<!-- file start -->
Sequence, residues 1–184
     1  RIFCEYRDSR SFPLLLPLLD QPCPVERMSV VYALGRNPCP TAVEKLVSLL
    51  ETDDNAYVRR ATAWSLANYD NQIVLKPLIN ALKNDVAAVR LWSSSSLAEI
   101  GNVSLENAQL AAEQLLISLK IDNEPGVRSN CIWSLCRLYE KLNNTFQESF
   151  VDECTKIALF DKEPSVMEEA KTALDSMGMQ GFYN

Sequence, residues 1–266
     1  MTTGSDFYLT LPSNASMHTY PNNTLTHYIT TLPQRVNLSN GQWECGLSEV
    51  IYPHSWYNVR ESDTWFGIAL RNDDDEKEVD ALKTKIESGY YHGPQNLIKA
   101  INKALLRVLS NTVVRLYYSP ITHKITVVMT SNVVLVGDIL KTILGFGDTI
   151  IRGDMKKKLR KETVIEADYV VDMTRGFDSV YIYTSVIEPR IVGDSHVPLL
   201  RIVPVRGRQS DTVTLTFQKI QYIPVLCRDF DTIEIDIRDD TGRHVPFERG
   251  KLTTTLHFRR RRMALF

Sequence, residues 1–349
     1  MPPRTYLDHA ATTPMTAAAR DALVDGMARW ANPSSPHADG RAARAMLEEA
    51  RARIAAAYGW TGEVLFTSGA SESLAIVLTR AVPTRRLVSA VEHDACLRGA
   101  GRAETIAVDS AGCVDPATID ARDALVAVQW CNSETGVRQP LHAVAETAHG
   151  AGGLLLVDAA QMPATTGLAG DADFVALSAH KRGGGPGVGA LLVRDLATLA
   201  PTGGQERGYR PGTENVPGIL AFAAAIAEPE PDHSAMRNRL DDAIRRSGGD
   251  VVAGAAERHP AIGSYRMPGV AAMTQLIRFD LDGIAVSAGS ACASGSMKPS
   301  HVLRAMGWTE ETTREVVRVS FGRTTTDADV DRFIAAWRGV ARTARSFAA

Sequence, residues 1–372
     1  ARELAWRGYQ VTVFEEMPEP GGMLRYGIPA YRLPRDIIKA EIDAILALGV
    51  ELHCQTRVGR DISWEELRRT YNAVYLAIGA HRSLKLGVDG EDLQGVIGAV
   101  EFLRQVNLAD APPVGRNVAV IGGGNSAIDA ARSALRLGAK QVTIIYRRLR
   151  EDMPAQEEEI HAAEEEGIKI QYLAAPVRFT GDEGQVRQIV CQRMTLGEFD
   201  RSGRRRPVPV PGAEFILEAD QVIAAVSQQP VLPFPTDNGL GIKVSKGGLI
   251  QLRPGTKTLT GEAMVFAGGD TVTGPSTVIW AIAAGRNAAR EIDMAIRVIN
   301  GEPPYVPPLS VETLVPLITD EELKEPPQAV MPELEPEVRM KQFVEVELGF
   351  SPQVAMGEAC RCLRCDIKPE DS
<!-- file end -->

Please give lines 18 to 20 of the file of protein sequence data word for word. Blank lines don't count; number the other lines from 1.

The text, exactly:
   201  PTGGQERGYR PGTENVPGIL AFAAAIAEPE PDHSAMRNRL DDAIRRSGGD
   251  VVAGAAERHP AIGSYRMPGV AAMTQLIRFD LDGIAVSAGS ACASGSMKPS
   301  HVLRAMGWTE ETTREVVRVS FGRTTTDADV DRFIAAWRGV ARTARSFAA